Big Business vs Hemp
When the Great Depression came along, Henry Ford and others saw a glimmer of hope for agricultural products being used in industrial applications. Ford had experimented on his own farm growing various plants and settled on hemp and soy as the plants with the most potential. With his financial and political backing, a movement for scientific research of agricultural products for industrial applications was created and known as ‘Farm Chemurgy’.
In 1930, Harry J. Anslinger was appointed the first commissioner to the newly created Federal Bureau Of Narcotics (FBN) by Secretary of the Treasury, Andrew W. Mellon, one of the wealthiest men in America. Mellon was also the uncle of Harry Anslinger’s wife.
Viewing the Farm Chemurgy as a threat, it has been widely speculated that there was a coordinated effort started in the mid 1930’s to end hemp as an industrial competitor by some very wealthy people; Andrew Mellon who gained his wealth through oil, steel, shipbuilding and construction; William Randolph Hearst who owned substantial forest interests to supply newsprint for his many publications; and chemical industrialists, the DuPont family, the makers of many synthetic materials.
They solicited the help of Harry Anslinger and with Hearst’s newspapers, started an anti-marijuana campaign to scare the public by telling them about the evils of marijuana. The American Petroleum Institute, funded by the big oil companies, also joined in. Their lobbying efforts were effective by saying the US government’s plans “robbed taxpayers to make farmers rich.” With Anslinger’s help they were able to associate industrial hemp with marijuana, claiming they were the same. In 1936 the film ‘Reefer Madness’ debuted.
Anslinger was responsible for the “Marijuana Tax Act of 1937” being passed by Congress. The Act placed a tax on any commercially grown hemp, cannabis, or marijuana, lumping them all together. This effectivly eliminated farmers from growing hemp.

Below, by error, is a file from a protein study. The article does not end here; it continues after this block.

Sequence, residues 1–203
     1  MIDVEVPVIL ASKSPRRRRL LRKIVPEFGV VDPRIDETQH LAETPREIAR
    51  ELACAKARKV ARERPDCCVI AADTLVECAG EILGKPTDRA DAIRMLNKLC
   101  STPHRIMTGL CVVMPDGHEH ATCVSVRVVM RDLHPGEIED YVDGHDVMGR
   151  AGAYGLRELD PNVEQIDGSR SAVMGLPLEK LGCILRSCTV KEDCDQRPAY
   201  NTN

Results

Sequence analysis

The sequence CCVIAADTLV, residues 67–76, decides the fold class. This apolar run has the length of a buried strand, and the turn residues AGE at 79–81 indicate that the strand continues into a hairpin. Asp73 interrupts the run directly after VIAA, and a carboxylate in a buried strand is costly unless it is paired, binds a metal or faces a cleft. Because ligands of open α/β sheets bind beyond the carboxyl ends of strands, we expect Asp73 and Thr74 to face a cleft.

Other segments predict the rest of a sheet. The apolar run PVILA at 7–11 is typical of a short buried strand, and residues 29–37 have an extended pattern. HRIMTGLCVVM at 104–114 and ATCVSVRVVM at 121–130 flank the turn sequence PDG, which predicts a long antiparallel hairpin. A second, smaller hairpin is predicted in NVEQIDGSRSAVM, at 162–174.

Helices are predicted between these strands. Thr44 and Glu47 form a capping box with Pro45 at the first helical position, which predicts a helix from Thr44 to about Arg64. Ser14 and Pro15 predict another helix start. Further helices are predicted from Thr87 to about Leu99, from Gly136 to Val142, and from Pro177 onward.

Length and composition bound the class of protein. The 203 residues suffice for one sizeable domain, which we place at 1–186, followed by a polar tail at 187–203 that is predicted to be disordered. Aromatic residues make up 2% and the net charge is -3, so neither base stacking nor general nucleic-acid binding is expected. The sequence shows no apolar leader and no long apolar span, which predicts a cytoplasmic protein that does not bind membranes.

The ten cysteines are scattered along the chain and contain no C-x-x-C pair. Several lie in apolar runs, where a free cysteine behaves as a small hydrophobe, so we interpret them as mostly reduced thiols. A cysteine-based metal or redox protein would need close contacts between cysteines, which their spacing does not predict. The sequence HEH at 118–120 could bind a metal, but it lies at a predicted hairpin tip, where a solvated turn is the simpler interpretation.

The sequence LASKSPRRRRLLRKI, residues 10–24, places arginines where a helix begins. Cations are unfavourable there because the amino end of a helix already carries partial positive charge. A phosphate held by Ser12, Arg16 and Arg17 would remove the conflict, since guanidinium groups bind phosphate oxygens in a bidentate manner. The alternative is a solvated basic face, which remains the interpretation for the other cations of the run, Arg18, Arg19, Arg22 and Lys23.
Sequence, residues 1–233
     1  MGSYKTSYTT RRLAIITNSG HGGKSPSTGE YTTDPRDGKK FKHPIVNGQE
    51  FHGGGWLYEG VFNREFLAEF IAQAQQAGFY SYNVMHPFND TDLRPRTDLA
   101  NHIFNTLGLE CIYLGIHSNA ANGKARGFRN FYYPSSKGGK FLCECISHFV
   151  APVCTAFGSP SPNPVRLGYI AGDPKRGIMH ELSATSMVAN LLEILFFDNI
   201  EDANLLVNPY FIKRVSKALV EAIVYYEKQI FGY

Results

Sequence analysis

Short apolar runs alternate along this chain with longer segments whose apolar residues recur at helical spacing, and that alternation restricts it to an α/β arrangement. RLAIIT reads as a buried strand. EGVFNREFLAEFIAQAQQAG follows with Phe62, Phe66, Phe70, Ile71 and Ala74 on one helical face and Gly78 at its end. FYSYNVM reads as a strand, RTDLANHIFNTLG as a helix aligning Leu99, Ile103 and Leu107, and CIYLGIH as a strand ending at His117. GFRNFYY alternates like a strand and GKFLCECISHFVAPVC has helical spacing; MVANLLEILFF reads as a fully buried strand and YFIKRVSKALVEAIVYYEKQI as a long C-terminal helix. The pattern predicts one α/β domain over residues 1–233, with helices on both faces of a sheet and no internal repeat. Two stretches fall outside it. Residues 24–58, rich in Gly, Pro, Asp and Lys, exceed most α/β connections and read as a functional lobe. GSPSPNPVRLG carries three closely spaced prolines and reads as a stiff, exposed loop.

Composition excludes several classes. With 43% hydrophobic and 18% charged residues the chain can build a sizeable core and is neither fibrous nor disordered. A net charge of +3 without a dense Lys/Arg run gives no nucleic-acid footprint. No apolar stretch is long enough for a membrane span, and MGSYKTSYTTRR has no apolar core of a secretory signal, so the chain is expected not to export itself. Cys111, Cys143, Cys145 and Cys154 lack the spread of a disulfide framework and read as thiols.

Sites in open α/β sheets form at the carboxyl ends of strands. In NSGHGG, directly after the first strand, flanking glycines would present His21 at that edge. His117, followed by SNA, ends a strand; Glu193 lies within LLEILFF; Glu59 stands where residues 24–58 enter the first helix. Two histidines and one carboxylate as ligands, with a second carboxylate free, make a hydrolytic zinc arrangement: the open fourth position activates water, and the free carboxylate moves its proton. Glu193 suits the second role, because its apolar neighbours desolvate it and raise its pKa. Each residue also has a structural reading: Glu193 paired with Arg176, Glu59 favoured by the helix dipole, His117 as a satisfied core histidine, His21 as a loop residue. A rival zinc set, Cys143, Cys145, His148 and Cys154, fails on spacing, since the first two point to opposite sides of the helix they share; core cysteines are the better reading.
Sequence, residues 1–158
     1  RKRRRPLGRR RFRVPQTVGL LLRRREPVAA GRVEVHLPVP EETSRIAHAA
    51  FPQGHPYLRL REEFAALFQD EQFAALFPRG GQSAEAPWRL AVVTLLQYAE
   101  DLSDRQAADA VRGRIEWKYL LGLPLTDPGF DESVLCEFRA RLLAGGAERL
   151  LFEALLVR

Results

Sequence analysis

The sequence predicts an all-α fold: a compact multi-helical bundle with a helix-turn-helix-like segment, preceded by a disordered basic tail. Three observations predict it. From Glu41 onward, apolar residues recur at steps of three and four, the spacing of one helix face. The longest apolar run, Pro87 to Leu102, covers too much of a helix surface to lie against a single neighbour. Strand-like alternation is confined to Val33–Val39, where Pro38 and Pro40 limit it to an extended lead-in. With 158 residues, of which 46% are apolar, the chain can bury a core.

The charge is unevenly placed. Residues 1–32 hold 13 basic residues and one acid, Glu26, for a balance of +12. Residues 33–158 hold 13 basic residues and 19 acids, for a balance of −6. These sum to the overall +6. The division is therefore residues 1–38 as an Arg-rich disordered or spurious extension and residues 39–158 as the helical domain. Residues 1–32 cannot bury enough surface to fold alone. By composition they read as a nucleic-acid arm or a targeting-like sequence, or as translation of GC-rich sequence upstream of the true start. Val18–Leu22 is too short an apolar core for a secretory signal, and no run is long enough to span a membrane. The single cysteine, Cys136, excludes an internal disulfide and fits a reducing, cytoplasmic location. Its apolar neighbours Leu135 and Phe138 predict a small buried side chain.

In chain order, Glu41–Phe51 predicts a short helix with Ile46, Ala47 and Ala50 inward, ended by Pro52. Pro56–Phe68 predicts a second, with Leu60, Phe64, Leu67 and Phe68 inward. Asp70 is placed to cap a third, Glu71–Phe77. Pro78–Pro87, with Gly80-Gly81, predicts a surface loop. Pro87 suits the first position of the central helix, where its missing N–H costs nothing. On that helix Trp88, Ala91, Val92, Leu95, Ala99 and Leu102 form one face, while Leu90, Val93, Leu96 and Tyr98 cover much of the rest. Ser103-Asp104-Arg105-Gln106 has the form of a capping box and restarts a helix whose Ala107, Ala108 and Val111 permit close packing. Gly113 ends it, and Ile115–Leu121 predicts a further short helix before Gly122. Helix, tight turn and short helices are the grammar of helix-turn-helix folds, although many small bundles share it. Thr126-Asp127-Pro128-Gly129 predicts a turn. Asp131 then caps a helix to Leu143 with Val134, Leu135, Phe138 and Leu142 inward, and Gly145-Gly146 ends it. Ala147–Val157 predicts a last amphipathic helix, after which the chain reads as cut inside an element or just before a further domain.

Rockefeller and Standard Oil were still in the news at this time and in 1937 the New York Times reported: “He was accused of crushing out competition, getting rich on rebates from railroads, bribing men to spy on competing companies, of making secret agreements, of coercing rivals to join the Standard Oil Company under threat of being forced out of business, building up enormous fortunes on the ruins of other men, and so on.”
In February 1938 the magazine ‘Popular Mechanics’ published an article titled “New Billion-Dollar Crop” which highlighted the many potentials of growing hemp. Read the article here!
With the outbreak of World War II came shortages of many raw materials. Automobile production declined dramatically and many of the factories converted to produce vehicles for the war effort. Ford had continued experimenting with using hemp for fuel and materials. With the renewed interest in hemp, Ford proved the possibilities of hemp by creating his now famous ‘hemp car’ introduced in 1941. The body of the vehicle was constructed from resin stiffened organic fibers including hemp and reportedly it ran on ethanol fuel made from hemp.
The US government used hemp for uniforms, canvas and rope and in 1942 created the film ‘Hemp For Victory’ which promoted the growing of hemp as a necessary crop to help win the war. To help with the sudden increase in production, many German POW’s interned at Camp Grant in Rockford, Illinois were used to help in the processing of the hemp crop in late 1943.
Watch Hemp For Victory below!
In 1942, then-Senator (and future president) Harry Truman led a war investigating committee which makes public evidence that the oil industry had colluded with German chemical companies to prevent the development of synthetic rubber production in the United States. Standard Oil (Exxon) had entered into a partnership that it described as a “full marriage” designed to “outlast the war” no matter who won! It is worth mentioning that in 1934 William Randolph Hearst, upon his return from Germany after meeting with Hitler, filled his newspapers with editorials on how bad socialism was and in particular negative articles on the Soviet Union and Stalin. The material supplied to Hearst was provided by the Gestapo, Nazi Germany’s propaganda machine.
After the war ended in 1945, hemp production again went into decline. Hemp and other organic materials were being replaced with the cheaper synthetic fibers made from petroleum products and there was a steady supply of gasoline. And the rich got richer….